Plotting Lines and Planes in Maple

Maple can produce high-quality color plots that are easy to visualize and manipulate. Rotation is especially helpful in visualizing surfaces and curves in space.

The simplest curve in either the plane or 3-dimensional real Euclidean space is a line
L , which for plotting purposes it is usually best to describe parametrically . Suppose that L has parametric vector equation

x = + t v ,

where
= O is the vector from the origin to a point on L , v is a vector in the direction of L and t is the real parameter. It is very simple to generate a parametric plot of the graph of L in . Maple's two-dimensional graphics package includes a built-in command for that:

plot([x(t),y(t)), t = a..b) .

To execute the command below, position the cursor after the Maple code, and press the Enter key (at the lower right of the keyboard).

> plot( [3 + t, -1 - 2*t, t = -3..3], labels = ["x", "y"] );

For a line in , the procedure is similar. However, you need to access the plots3d package, which contains the three-dimensional parametric-plotting routine spacecurve . The colon at the end of the call to plots3d in the following routine suppresses printing of the list of all its commands. Execution of the code plots the line whose parametric equations are x = 3 , y = 1 + t , z = as t ranges over the interval [ , 3]. To see the result, put the cursor at the end of second command and press Enter.

> with (plots):
spacecurve( [3, 1 + t, -1 - 5*t], t = -3..3, axes = framed, labels = ["x", "y", "z"] );

Warning, the name changecoords has been redefined

If you click on the plot, bounding lines appear around it and a new plotting menu bar and context bar appear at the top of the screen. If you prefer Maple's "normal" coordinate-axis display, click on the axes menu and select Normal.

A very nice feature of Maple is its interactive 3-dimensional rotation capability, which also is available once you click on the plot. Depress the mouse button and drag the mouse to rotate the graph and view it from any angle. Try it!

The following extended version of the basic routine offers an alternative to Maple's Normal axis display. This adds coordinate axes and labels (magenta in color) to the plot at their actual positions on the plot, rather than at the edges,. The result looks similar to textbook graphs, which this routine thus lets you recreate and explore on your own. In this case, the next figure in the printed version of this worksheet resulted from some rotation of the default plot.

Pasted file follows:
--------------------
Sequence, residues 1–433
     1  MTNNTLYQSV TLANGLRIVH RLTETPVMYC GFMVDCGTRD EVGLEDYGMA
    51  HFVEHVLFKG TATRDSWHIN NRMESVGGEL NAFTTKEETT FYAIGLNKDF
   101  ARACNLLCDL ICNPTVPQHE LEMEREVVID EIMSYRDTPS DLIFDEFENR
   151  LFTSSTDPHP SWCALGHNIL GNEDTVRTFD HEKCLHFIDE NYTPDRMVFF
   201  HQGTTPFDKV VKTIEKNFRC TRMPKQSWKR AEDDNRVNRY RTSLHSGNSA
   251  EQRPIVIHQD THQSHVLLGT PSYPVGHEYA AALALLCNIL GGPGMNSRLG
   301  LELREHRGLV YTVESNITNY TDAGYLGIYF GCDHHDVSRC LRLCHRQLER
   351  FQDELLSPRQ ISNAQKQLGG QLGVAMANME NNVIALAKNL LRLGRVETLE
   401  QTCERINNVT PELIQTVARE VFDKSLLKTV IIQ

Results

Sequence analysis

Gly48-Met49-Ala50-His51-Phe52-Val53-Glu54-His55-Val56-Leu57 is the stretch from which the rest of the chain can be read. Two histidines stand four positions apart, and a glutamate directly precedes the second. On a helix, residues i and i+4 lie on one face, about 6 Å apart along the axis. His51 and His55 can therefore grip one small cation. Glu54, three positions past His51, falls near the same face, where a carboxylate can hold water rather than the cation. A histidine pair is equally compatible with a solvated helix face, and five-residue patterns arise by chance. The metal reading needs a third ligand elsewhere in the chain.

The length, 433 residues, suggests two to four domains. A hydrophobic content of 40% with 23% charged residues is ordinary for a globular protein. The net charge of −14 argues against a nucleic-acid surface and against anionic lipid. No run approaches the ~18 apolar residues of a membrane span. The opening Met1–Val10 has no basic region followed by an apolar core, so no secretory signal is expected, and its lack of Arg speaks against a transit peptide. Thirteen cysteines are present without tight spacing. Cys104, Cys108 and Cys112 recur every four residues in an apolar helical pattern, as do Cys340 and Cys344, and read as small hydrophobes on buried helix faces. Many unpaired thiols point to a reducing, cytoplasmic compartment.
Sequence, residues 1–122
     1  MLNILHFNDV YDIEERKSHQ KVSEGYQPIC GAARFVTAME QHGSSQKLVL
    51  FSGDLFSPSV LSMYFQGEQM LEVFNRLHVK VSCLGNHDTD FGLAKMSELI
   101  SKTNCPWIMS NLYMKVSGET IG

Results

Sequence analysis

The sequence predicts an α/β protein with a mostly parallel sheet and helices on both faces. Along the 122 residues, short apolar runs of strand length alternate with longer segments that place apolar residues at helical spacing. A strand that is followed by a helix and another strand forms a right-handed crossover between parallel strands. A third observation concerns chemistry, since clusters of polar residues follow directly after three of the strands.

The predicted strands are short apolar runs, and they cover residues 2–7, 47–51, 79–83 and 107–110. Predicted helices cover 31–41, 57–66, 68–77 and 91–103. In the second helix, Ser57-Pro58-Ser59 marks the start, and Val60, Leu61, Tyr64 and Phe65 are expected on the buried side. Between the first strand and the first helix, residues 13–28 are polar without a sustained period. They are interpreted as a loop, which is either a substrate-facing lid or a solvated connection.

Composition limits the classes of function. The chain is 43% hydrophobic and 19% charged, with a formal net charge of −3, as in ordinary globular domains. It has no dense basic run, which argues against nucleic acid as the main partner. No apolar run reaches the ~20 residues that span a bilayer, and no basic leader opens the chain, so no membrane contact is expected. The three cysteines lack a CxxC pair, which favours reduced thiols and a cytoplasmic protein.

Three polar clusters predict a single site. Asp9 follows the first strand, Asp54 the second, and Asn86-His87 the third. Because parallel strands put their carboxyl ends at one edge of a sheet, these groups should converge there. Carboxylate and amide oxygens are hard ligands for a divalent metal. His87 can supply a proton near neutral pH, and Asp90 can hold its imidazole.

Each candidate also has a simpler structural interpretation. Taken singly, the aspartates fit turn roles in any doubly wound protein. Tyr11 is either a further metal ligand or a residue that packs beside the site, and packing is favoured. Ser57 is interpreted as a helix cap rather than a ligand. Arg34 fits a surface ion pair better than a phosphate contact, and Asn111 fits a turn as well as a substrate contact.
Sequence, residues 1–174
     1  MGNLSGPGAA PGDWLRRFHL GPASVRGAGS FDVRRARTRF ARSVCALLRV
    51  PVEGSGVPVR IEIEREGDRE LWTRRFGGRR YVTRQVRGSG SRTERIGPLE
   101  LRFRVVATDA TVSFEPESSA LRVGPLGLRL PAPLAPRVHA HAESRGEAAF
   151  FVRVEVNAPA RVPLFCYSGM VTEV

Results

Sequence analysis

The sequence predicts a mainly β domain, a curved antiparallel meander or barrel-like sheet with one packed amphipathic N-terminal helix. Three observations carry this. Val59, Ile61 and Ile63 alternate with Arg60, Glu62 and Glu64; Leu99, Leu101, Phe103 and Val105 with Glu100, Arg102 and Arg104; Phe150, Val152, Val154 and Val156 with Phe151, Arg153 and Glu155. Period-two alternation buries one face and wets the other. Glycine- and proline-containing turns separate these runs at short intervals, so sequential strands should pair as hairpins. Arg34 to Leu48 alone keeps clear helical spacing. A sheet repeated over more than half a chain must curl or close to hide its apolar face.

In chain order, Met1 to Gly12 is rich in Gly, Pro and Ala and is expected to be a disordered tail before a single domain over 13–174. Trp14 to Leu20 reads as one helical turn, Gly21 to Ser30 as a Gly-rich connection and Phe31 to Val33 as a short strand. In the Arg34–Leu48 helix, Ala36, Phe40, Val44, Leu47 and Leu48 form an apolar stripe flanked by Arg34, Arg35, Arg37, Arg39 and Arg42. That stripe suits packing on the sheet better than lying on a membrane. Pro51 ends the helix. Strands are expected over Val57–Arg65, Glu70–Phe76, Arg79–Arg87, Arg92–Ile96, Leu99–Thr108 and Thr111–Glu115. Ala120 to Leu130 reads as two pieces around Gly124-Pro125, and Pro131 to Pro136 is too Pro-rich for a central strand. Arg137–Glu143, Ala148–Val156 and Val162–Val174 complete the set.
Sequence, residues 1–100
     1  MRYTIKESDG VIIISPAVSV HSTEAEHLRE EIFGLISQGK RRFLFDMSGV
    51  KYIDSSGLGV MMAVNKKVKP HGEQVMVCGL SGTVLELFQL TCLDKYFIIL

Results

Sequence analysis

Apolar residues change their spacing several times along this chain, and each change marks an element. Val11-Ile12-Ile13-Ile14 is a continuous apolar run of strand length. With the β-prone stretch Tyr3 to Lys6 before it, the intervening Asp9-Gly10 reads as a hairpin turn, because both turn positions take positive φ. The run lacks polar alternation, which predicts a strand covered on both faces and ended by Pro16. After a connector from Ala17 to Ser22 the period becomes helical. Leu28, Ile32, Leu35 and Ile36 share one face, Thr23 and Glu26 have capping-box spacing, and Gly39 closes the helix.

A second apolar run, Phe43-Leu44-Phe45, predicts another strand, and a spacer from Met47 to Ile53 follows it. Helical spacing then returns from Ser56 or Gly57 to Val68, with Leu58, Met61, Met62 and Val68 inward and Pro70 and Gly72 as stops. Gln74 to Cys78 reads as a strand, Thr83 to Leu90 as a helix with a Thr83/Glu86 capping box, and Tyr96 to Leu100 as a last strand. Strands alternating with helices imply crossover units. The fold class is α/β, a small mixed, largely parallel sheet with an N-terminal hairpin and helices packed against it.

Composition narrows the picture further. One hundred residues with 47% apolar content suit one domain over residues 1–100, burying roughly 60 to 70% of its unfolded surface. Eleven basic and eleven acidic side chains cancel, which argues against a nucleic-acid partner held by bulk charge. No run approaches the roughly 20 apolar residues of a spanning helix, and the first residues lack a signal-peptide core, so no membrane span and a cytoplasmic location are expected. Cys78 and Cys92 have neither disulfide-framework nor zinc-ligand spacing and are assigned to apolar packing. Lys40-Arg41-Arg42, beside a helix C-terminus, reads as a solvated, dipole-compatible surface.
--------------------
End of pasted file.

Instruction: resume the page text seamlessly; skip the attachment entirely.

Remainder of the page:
As for the first line of the last routine, a colon at the end of a command suppresses output, so nothing appears when the routine is executed until after creation of all the elements of the plot. The final command instructs Maple to display them all in a single image.

> lineplot := spacecurve( [3 , 1 + t, -1 - 5*t], t = -3..3, axes = framed,
color = red, labels = ["x", "y", "z"] ):
xaxis := spacecurve([t, 0, 0, t = -3..3, color = magenta]) :
yaxis := spacecurve([0, t, 0, t = -3..3, color = magenta]) :
zaxis := spacecurve([0, 0, t, t = -3..10, color = magenta]) :
labx := textplot3d([3.8, 0, -.2, `x`], color = magenta):
laby := textplot3d([0,3.8, -.2, `y`], color = magenta):
labz := textplot3d([0, 0, 12, `z`], color = magenta):
display(lineplot, xaxis, yaxis, zaxis, labx, laby,labz);

Plotting Planes

A vector equation of the plane through the point
( , , ) is

(1) n · ( ) = 0,

where
n is a normal vector the plane, x is the vector from the origin to an arbitrary point P ( x , y , z ) on the plane and is the vector from the origin to . Suppose first that n = a i + b j + c k , where c is not 0. Since x = x i + y j + z k and = i + j + k , expansion of (1) gives

Þ z = .

Maple can plot this equation in 3-space, by treating it as a simple surface. The next routine contains the commands to plot the graph of a surface with equation
z = f ( x , y ). In this case, the plane has normal vector n = 3 i 4 j Ð 6 k and passes through the point ( , 3, ). So a vector equation for it is

( ) · ( ) = 0 Þ
Þ
z = .

Execute the next routine to see a plot of the plane. To view the plane from any perspective you choose, click on the plot, depress the mouse button, and then move the mouse to rotate the image in three space. This time, the printed version shows the default plot.

> with (plots):
plot3d( (33 - 3*x + 4*y)/(-6), x = -3..3, y = -3..3, axes = framed, labels =
["x", "y", "z"] );

When the third coordinate of a normal vector is 0, the plane is vertical: its normal vector is entirely in the xy -plane. The best way to plot such a plane is parametrically . Note that if n = a i + b j + 0 k and the plane passes through the point ( , , ) , then supposing that b is nonzero (at least one of a or b is nonzero), Equation (1) becomes

(2)
a ( x Ð ) + b ( y Ð ) = 0 Þ ax + by = a + b Þ y = .

Parametric representation of a plane involves two parameters, say s and t , because planes have two dimensions. For a plane with Cartesian equation of the form (2), one such parametric representation is

(3)
x = s , y = , z = t, s Î R , t Î R.

The following Maple routine plots the plane through the point ( ) with normal vector n = i + j .

> with (plots):
plot3d( [s, (-6 -1 - 2*s)/1, t], s = -3..3, t = -3..3, axes = framed, labels
= ["x", "y", "z"] );

Finally, what if
b = 0? As noted above, in that case a is not 0. So solve (2) for x instead of y :

x = .

Thus, the parametric equations (3) assume the form

(4)
x = , y = s, z = t, s Î R , t Î R.

The following Maple routine plots the vertical plane through the point ( ) with normal vector n = ( ).

> with (plots):
plot3d( [-6/1, s, t], s = -3..3, t = -3..3, axes = framed, labels = ["x", "y", "z"] );

>